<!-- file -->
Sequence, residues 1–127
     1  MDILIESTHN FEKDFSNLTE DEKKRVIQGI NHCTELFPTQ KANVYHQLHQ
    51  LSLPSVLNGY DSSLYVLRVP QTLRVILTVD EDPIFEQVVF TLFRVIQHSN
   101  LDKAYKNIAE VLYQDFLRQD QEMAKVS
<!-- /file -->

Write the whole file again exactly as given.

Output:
Sequence, residues 1–127
     1  MDILIESTHN FEKDFSNLTE DEKKRVIQGI NHCTELFPTQ KANVYHQLHQ
    51  LSLPSVLNGY DSSLYVLRVP QTLRVILTVD EDPIFEQVVF TLFRVIQHSN
   101  LDKAYKNIAE VLYQDFLRQD QEMAKVS